FCC Chairman Ajit Pai Got Rickrolled by Net Neutrality Activists
When I think about stories I’ll tell my grandkids about my days at Free Press, this week’s protest will be among them. I and several other activists disrupted a public Federal Communications Commission meeting using a classic internet meme, the “Rickroll,” in a show of support for the open internet.
We interrupted a speech by FCC Chairman Ajit Pai, blasting the 1987 Rick Astley song “Never Gonna Give You Up” over a speaker, while we sang modified lyrics that drew attention to the present threat against Net Neutrality protections.
We sang silly lyrics like “Never gonna give you up, Net Neu-tral-ity, never gonna run around and hurt you,” as Department of Homeland Security officers escorted us from the building.
Five of us were banned from entering FCC headquarters in the future. This was just the latest in a series of unfair measures the FCC has taken against Net Neutrality protesters. During previous agency meetings, FCC security made it difficult for organizers to deliver a pro-Net Neutrality petition and booted silent protesters for the non-confrontational act of wearing “Protect Net Neutrality” T-shirts.
Joining us this Thursday were our friends from Demand Progress, Free Software Foundation and Popular Resistance. Following our song, we regrouped outside with a larger contingent and a banner proclaiming our commitment to never give up on Net Neutrality.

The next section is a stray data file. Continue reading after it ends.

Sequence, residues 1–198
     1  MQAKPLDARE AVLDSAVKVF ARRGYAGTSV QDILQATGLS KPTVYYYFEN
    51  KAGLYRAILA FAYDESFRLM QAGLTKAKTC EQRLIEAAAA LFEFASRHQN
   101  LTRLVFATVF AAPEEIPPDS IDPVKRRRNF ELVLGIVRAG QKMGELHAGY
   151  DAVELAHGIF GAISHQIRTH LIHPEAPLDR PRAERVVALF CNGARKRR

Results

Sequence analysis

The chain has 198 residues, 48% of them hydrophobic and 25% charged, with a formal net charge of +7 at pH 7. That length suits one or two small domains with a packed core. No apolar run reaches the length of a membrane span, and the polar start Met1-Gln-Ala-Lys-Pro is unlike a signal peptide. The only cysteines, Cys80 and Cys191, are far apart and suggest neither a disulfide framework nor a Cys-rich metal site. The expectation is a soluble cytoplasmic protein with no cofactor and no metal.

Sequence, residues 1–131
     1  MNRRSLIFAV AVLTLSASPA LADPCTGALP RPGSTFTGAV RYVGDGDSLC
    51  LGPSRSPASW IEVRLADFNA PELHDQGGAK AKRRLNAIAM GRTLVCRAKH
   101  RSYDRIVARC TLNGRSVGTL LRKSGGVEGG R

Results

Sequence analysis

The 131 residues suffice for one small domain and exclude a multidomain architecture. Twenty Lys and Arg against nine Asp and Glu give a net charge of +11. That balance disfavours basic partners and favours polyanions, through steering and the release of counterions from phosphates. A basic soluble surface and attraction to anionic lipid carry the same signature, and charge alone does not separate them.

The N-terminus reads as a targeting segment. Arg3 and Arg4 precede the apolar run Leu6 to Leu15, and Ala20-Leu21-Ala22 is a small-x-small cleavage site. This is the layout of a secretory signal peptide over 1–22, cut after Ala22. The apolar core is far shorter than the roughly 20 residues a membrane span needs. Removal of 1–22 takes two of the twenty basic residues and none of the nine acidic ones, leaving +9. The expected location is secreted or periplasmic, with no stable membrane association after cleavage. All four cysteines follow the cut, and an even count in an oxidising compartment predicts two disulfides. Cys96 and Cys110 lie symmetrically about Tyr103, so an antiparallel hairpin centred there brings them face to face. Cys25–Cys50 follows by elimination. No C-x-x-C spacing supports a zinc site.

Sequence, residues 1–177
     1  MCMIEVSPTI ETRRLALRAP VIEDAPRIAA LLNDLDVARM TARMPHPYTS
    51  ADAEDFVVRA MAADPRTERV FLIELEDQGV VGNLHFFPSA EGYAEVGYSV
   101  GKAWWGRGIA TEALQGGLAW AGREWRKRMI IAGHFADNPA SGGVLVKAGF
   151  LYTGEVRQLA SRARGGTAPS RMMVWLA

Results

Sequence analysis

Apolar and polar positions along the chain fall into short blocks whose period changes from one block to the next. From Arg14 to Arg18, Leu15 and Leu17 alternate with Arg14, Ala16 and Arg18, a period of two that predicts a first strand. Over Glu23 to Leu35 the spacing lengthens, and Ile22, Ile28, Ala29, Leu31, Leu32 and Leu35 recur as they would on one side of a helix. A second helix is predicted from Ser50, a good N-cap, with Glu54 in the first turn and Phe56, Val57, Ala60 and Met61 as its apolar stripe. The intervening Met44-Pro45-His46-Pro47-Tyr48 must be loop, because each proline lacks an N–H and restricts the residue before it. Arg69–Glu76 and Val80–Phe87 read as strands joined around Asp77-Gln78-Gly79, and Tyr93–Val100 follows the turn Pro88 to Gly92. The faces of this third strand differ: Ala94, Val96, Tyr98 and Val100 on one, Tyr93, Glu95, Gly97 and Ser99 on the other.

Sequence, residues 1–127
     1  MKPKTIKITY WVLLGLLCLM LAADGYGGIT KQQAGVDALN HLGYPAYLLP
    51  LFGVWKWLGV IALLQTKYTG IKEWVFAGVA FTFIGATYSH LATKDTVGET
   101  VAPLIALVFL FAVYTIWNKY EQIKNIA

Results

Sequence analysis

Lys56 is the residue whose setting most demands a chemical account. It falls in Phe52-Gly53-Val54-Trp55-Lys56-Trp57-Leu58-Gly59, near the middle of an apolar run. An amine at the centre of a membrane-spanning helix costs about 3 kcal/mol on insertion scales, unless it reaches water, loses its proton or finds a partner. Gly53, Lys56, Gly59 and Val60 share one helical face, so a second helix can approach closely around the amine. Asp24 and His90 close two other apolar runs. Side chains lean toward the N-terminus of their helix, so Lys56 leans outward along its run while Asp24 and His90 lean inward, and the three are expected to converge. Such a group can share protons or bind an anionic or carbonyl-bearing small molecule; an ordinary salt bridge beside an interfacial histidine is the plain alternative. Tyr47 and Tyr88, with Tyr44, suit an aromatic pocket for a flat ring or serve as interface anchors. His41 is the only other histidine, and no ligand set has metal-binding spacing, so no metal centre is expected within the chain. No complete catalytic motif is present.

We held this protest because of the quickly worsening landscape around Net Neutrality. Earlier this month, Chairman Pai met with phone- and cable-industry lobbyists to unveil a plan to repeal the FCC’s Open Internet Order and replace it with voluntary agreements by internet service providers to maintain a yet-to-be-determined set of conditions. The action would effectively put control over online choice in the hands of companies like AT&T, Comcast and Verizon, which have a long history of abusing the online rights of internet users. Pai previously worked as a lawyer for telecom giant Verizon.
If the Trump administration thinks we’re going to sit quietly by while it destroys Net Neutrality behind the scenes, we want it to know that it better think twice. We see through the Trump administration’s corporate-driven agenda, and know its attacks on the internet are designed to keep people — especially resisters and communities of color — in the dark.
If you’re interested in saving Net Neutrality from this latest threat, register for our national organizing call — “Net Neutrality or Bust: A Call with Free Press” — taking place on Thurs., April 27. On the call, you’ll hear from us about our experience during the FCC protest and receive a toolkit about hosting protests in your own community.
Check out more photos from the protest here.